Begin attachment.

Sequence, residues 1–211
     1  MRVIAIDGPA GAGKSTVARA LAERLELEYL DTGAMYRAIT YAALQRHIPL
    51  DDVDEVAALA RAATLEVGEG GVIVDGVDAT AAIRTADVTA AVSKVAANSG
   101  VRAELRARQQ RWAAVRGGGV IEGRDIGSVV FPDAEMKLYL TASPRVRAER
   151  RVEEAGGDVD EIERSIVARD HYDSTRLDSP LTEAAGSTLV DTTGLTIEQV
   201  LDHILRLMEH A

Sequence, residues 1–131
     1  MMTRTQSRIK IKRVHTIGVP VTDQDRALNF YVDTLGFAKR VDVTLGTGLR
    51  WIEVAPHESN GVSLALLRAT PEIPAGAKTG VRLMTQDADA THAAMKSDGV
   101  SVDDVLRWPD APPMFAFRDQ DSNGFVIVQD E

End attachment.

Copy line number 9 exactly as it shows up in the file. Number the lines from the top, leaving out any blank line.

    51  WIEVAPHESN GVSLALLRAT PEIPAGAKTG VRLMTQDADA THAAMKSDGV